PORTLAND, Ore. — The pandemic has many wishes for the future, but, even in the COVID-19 era, Lisa Wooden is focused on the here and now.
“Every day is a miracle,” Wooden said. “And I try not to think about the future because I didn’t think I’d be here this year.”
Wooden has terminal cancer. In January 2019, she thought she had the flu, but she wasn’t getting any better. After numerous tests, came a rare cancer diagnosis of biphasic stage 4 mesothelioma.
Mesothelioma happens in the thin layer of tissues that covers internal organs, such as the lungs or stomach. Only about 3,000 cases are diagnosed in the U.S. every year, according to the American Cancer Society.
Doctors told Wooden that she had a large tumor the size of a grapefruit on her chest wall, near her lung. In January 2019, she was told she likely only had one year to live.
“I could see that it was going to be this huge fight,” Wooden said.
It was a shock, but she found strength in her family. Her 23-year-old daughter moved back home to Oregon from North Carolina to be with her mom through the fight.
“My daughter is the light of my life,” she said.
She also had the perfect partner for the journey, her then-boyfriend Peter Hansen.
“He is my rock. He is my rock. I don’t want to get teary, but he has gotten me through this,” Wooden said.
Surgery wasn’t an option and Wooden had complications with some of her treatments. So, Hansen went to work, researching any and all other options to give Wooden more time.
“When he discovered it was terminal, he just spent so much time researching and doing everything he could to save my life,” she said.
What Hansen found was a new, first-of-its-kind treatment for mesothelioma.
“Little by little we were running out of treatment options,” Wooden said. “Peter had stumbled upon this TTF therapy through Novacure.”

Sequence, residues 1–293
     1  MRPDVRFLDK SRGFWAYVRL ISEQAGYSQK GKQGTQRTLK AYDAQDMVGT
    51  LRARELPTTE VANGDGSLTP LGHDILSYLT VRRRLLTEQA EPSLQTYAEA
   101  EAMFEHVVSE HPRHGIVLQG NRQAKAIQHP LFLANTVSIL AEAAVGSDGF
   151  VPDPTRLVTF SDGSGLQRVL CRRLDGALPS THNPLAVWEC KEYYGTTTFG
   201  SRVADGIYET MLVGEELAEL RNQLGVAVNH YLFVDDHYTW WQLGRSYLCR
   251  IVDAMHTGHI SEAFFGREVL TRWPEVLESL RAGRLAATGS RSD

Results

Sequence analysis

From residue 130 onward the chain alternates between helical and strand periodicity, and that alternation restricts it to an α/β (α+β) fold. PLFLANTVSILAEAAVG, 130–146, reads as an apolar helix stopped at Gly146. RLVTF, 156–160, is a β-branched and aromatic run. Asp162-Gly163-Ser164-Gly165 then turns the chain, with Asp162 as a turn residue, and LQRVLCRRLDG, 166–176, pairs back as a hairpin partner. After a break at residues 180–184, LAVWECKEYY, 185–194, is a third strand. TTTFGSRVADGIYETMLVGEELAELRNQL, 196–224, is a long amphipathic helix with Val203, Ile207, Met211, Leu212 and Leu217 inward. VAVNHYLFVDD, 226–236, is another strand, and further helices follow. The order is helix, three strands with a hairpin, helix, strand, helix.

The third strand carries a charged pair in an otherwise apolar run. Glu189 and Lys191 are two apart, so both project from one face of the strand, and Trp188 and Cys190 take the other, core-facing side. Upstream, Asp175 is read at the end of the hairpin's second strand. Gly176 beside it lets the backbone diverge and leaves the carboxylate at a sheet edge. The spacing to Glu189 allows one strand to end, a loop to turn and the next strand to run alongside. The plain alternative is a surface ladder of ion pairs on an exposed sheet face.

TFF or “Tumor Treating Fields” treatment is the first FDA-approved treatment for mesothelioma in 15 years. It uses electric fields tuned to specific frequencies to disrupt cell division, inhibiting tumor growth, and potentially, causing cancer cells to die.
“The cancer cells don’t have a chance to divide. So, it keeps them, basically, freaking out, ‘Hey, we can’t do anything here,’” as Wooden described it.
Hansen shared all of his research with Wooden’s doctor Gary Takahashi, M.D., assistant professor of medicine in the OHSU School of Medicine.
Wooden is just the second patient in the U.S. to use the treatment following FDA approval. OHSU is the third site in the country certified to offer the treatment.
Wooden has been using the treatment since October 2019 and her tumor has had limited growth. Dr. Takahashi calls her a miracle.
“I’m still here and I don’t know for sure why I am, but I know this device is probably part of the reason why,” Wooden said.
While Wooden has been the one fighting the disease, she says she couldn’t go through it alone. Her partner and now-husband is helping her through. Just five months after her diagnosis, in June 2019, the couple tied the knot.
“Even though he didn’t have to, when I had a terminal diagnosis, he still wanted to marry me,” Wooden said.
Wooden is not sure what the future holds or how long she’ll have with the love of her life, but she is thankful for each day she gets. It’s a lesson for all of us in these uncertain times.
“I just want people to know you can still take each moment and each day and just savor it,” Wooden said. “Every day is a good day.”